The proceedings have been initiated in the High Court by two siblings who came on the scene in the direct aftermath of the shooting.
The Irish Independent understands the cases involve claims for nervous shock and allegations of negligence and breach of statutory duty by gardaí.
Mr Nkencho (27), a young Dubliner of Nigerian background, was shot outside his family home in Clonee on December 30, 2020.
Gardaí had been called to an incident nearby involving Mr Nkencho, who had allegedly assaulted a shop assistant and was reported to be brandishing a knife.
Armed support was called in after uniformed gardaí requested he drop the knife.
When the Armed Support Unit arrived they came across Mr Nkencho outside his house.
Gardaí said they felt threatened when he refused to put down the knife and were trying to ensure he did not get inside the house.
They said attempts at non-lethal methods of disarming him failed. An autopsy found he was shot six times.
His family said he had been suffering from mental health issues.
An inquest heard the cause of death was multiple gunshot wounds to the trunk.
However, the hearing was adjourned following an application from the Garda Síochána Ombudsman Commission, which is investigating the incident.
Members of Mr Nkencho’s family were in the house when the shooting occurred.
The Garda Commissioner, Minister for Justice and the Attorney General are named as defendants in the civil proceedings being taken by Mr Nkencho’s relatives.
Dublin law firm Harringtons LLP, which is representing relatives of Mr Nkencho, declined to comment on the lawsuits.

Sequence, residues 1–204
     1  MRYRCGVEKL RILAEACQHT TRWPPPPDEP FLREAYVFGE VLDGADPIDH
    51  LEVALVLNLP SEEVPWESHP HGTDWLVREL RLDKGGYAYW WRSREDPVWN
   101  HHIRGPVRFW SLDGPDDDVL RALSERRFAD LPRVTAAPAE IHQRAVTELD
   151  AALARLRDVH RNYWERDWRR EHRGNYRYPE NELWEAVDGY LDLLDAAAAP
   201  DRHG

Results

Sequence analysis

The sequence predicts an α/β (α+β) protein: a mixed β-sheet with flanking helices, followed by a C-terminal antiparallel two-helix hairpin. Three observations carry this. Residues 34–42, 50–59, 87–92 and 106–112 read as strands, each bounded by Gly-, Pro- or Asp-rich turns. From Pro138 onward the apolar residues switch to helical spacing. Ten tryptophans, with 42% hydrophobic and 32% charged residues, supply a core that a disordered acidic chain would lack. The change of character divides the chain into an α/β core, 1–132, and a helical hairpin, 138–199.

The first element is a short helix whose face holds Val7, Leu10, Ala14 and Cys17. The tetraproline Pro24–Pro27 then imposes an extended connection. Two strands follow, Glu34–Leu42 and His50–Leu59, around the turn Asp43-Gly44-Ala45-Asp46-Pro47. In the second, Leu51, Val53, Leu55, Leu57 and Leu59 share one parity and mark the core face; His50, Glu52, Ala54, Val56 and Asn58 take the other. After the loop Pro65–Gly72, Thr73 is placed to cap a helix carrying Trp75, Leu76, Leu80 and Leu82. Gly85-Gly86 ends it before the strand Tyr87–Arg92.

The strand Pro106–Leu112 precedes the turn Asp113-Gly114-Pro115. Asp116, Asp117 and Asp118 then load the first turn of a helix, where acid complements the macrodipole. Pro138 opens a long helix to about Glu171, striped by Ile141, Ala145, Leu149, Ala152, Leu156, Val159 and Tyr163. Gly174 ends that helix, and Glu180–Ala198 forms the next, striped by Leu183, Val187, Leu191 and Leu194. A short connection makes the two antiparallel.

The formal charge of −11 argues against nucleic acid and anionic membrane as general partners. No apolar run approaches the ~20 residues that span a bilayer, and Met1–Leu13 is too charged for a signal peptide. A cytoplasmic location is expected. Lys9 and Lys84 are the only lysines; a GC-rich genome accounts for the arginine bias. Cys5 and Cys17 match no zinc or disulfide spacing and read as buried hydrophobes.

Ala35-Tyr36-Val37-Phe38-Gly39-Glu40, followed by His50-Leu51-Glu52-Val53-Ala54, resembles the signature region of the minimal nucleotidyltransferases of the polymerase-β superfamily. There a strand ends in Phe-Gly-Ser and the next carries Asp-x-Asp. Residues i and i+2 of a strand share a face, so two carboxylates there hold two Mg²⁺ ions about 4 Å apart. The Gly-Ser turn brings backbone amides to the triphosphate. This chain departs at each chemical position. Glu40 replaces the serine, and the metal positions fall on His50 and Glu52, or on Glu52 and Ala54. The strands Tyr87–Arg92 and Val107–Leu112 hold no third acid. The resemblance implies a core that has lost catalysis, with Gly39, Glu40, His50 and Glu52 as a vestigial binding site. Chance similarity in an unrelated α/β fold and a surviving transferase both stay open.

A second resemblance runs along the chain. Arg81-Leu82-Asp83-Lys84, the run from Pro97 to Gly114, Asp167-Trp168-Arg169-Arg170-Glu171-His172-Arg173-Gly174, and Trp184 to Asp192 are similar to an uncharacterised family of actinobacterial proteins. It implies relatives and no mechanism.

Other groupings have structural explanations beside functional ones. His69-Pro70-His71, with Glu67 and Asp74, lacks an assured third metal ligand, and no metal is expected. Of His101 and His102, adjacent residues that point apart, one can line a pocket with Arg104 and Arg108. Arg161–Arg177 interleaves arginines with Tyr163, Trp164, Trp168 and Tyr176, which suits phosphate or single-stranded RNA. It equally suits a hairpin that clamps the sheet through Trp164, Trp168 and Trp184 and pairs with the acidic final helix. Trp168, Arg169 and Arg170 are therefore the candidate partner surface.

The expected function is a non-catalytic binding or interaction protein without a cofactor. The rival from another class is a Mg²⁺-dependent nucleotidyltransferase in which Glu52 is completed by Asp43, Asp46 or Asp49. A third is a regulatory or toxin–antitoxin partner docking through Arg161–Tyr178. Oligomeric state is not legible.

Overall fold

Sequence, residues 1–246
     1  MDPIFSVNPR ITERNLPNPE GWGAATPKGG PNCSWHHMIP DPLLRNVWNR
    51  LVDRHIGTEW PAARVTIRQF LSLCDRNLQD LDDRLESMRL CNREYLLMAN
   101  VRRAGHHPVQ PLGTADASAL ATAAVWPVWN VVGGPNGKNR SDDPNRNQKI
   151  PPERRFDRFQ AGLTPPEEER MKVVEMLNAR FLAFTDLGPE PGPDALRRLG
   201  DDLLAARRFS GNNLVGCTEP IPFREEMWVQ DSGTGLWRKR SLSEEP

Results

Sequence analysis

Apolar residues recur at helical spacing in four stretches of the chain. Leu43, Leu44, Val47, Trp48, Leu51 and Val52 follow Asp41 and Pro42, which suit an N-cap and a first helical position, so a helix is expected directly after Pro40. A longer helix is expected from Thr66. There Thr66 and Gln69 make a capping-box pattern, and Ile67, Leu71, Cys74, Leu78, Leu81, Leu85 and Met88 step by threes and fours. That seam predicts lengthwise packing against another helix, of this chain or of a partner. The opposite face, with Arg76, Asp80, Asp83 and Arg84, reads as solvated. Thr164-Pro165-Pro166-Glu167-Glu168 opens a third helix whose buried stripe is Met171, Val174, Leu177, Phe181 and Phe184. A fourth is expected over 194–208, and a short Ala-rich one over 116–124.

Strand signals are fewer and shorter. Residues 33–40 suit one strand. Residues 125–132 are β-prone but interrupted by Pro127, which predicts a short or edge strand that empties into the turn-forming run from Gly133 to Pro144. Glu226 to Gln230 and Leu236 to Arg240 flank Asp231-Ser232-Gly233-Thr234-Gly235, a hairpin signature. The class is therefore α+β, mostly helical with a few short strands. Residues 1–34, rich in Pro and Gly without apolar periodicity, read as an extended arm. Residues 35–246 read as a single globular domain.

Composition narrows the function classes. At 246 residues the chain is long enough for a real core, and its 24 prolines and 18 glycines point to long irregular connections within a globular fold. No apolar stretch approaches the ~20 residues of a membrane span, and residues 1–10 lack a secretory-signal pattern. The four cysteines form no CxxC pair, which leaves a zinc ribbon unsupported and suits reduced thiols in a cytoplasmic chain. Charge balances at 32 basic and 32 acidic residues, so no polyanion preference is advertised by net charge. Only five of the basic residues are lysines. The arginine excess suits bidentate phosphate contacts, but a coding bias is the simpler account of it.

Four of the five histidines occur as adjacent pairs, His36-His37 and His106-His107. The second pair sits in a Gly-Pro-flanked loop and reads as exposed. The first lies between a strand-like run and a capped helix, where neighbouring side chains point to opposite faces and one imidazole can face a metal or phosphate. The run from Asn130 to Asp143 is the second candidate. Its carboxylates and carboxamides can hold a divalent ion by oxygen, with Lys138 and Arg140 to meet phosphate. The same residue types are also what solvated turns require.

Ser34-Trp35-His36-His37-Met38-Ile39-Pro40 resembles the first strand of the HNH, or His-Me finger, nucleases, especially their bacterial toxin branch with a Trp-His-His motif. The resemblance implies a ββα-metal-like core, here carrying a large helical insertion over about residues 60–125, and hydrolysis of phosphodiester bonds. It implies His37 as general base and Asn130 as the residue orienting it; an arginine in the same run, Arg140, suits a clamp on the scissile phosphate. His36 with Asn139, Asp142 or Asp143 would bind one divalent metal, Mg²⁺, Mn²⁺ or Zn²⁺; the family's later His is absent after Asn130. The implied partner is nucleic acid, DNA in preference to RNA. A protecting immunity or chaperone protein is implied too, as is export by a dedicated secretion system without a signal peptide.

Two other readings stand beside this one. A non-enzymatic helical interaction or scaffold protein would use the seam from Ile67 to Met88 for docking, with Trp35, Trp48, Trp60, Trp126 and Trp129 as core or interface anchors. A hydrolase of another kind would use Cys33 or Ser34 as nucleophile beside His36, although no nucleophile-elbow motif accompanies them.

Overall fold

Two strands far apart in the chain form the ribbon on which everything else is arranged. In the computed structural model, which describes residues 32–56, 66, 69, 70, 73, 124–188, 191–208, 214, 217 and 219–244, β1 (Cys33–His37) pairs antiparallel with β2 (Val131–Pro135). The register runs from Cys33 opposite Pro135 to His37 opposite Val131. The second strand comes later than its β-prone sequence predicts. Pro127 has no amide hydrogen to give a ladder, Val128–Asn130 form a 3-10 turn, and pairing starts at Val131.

“In circumstances where proceedings are before the courts, neither this office nor my clients have any comments to make at this time,” said partner David Harrington.
One of the plaintiffs, the deceased man’s sister Gloria Nkencho, has previously called for a public inquiry and spoken of the impact on her family.
Speaking last year, she said she and her siblings had witnessed the most traumatic experience of their lives.
“This is an unimaginable pain I do not wish upon anyone. The death of my brother has caused a vacuum in my home. My mother described it as a wound that will never heal,” she said.
"My family are forced to relive the trauma when we walk past his room, walk down the stairs and see where we stood when he was shot and killed. We see the bullet holes in our windows.
"This shouldn't have happened. George did not deserve to die. He needed help, not bullets. My brother was a person, not an animal."
In an interview last year, Ms Nkencho said she tried to tell gardaí her brother had mental health issues and to get them to move away.
"I opened the door when I saw my brother and I said to the guards, 'He's sick, move'. I wasn't allowed past the entrance and I was pushed back into my house,” she said.